Journal of immunology (Baltimore, Md. : 1950)

Differential activation of inflammatory pathways in testicular macrophages provides a rationale for their subdued inflammatory capacity.

PMID 25917085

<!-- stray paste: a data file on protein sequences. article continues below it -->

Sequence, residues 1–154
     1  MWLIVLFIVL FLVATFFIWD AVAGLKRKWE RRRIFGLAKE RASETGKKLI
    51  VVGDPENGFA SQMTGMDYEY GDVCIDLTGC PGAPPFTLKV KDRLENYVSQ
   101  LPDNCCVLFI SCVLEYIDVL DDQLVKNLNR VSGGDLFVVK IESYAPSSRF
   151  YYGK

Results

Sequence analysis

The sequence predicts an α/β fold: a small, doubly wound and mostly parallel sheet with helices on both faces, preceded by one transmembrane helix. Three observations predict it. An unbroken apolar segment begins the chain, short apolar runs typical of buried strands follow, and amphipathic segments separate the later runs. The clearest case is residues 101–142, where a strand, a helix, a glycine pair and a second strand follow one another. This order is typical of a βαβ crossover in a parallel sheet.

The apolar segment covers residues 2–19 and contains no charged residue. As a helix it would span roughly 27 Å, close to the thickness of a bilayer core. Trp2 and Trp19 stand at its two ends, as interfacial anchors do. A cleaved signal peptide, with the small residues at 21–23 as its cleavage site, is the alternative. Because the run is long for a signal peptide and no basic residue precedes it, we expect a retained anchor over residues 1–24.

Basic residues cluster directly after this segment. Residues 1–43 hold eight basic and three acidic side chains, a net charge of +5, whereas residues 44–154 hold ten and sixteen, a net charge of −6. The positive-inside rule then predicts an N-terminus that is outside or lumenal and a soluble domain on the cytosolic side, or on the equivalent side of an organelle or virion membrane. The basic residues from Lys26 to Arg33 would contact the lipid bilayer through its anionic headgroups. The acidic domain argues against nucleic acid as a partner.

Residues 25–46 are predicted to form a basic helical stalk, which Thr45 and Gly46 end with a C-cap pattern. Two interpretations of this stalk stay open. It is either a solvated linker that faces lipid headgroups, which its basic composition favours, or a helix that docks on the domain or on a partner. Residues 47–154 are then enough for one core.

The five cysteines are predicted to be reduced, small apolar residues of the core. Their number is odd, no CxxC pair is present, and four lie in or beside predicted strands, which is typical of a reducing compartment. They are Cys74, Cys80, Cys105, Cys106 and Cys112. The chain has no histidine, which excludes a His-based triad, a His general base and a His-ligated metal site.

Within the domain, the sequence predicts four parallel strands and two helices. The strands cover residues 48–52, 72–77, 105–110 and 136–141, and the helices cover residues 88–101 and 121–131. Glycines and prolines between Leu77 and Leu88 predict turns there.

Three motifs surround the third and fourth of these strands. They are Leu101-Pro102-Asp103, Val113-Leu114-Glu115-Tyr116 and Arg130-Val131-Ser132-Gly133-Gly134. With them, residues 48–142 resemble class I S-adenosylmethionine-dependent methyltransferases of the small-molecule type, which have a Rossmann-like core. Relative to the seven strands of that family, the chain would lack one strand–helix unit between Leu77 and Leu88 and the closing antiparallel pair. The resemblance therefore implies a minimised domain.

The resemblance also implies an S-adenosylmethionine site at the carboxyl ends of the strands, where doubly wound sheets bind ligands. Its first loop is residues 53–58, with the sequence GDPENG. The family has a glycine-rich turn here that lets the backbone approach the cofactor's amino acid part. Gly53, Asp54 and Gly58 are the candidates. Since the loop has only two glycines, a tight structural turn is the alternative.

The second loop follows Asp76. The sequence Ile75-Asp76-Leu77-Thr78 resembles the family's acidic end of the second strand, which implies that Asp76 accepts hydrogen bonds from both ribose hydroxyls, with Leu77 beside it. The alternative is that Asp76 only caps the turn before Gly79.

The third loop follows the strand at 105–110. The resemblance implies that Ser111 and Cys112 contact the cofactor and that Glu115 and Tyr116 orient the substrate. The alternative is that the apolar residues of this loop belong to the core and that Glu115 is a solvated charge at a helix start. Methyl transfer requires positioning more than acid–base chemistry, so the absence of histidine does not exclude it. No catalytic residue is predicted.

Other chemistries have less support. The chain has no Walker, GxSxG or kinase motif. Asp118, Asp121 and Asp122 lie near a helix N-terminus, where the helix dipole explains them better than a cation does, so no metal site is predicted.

Spermatogenic cells express cell-specific molecules with the potential to be seen as "foreign" by the immune system. Owing to the time difference between their appearance in puberty and the editing of the lymphocyte repertoire around birth, local adaptations of the immune system coined immune privilege are required to confer protection from autoattack. Testicular macrophages (TM) play an important role in maintaining testicular immune privilege and display reduced proinflammatory capacity compared with other macrophages. However, the molecular mechanism underlying this macrophage phenotype remained elusive. We demonstrate that TM have a lower constitutive expression of TLR pathway-specific genes compared with peritoneal macrophages. Moreover, in TM stimulated with LPS, the NF-κB signaling pathway is blocked due to lack of IκBα ubiquitination and, hence, degradation. Instead, challenge of TM with LPS or polyinosinic-polycytidylic acid induces MAPK, AP-1, and CREB signaling pathways, which leads to production of proinflammatory cytokines such as TNF-α, although at much lower levels than in peritoneal macrophages. Pretreatment of TM with inhibitors for MAPKs p38 and ERK1/2 suppresses activation of AP-1 and CREB signaling pathways and attenuates LPS-induced TNF-α and IL-10 secretion. High levels of IL-10 production and activation of STAT3 by LPS stimulation in TM indicate a regulatory macrophage phenotype. Our results suggest that TM maintain testicular immune privilege by inhibiting NF-κB signaling through impairment of IκBα ubiquitination and a general reduction of TLR cascade gene expression. However, TM do maintain some capacity for innate immune responses through AP-1 and CREB signaling pathways.